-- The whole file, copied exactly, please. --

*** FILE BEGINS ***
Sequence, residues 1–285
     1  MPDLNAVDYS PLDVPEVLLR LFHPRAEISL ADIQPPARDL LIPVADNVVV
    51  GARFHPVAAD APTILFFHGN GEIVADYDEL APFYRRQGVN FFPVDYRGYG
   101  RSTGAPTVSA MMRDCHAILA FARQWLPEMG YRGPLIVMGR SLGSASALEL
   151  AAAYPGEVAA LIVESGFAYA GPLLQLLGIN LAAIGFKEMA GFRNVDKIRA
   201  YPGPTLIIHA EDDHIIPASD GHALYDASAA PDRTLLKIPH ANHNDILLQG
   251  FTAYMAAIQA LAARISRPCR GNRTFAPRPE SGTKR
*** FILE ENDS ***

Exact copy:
Sequence, residues 1–285
     1  MPDLNAVDYS PLDVPEVLLR LFHPRAEISL ADIQPPARDL LIPVADNVVV
    51  GARFHPVAAD APTILFFHGN GEIVADYDEL APFYRRQGVN FFPVDYRGYG
   101  RSTGAPTVSA MMRDCHAILA FARQWLPEMG YRGPLIVMGR SLGSASALEL
   151  AAAYPGEVAA LIVESGFAYA GPLLQLLGIN LAAIGFKEMA GFRNVDKIRA
   201  YPGPTLIIHA EDDHIIPASD GHALYDASAA PDRTLLKIPH ANHNDILLQG
   251  FTAYMAAIQA LAARISRPCR GNRTFAPRPE SGTKR